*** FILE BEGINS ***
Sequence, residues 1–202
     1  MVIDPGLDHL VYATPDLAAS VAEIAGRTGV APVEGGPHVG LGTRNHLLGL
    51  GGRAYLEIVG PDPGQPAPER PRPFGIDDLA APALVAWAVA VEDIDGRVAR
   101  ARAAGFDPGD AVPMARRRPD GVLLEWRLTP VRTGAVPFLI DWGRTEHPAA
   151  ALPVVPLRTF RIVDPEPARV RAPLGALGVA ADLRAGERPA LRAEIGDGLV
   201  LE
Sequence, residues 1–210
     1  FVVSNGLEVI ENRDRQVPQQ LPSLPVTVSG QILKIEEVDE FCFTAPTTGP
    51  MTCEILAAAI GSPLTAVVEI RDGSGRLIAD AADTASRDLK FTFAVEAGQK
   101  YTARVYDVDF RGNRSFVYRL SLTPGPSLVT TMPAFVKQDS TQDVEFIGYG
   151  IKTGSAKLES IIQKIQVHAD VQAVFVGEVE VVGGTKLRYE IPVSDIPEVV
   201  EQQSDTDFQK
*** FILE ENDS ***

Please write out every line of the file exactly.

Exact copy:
Sequence, residues 1–202
     1  MVIDPGLDHL VYATPDLAAS VAEIAGRTGV APVEGGPHVG LGTRNHLLGL
    51  GGRAYLEIVG PDPGQPAPER PRPFGIDDLA APALVAWAVA VEDIDGRVAR
   101  ARAAGFDPGD AVPMARRRPD GVLLEWRLTP VRTGAVPFLI DWGRTEHPAA
   151  ALPVVPLRTF RIVDPEPARV RAPLGALGVA ADLRAGERPA LRAEIGDGLV
   201  LE
Sequence, residues 1–210
     1  FVVSNGLEVI ENRDRQVPQQ LPSLPVTVSG QILKIEEVDE FCFTAPTTGP
    51  MTCEILAAAI GSPLTAVVEI RDGSGRLIAD AADTASRDLK FTFAVEAGQK
   101  YTARVYDVDF RGNRSFVYRL SLTPGPSLVT TMPAFVKQDS TQDVEFIGYG
   151  IKTGSAKLES IIQKIQVHAD VQAVFVGEVE VVGGTKLRYE IPVSDIPEVV
   201  EQQSDTDFQK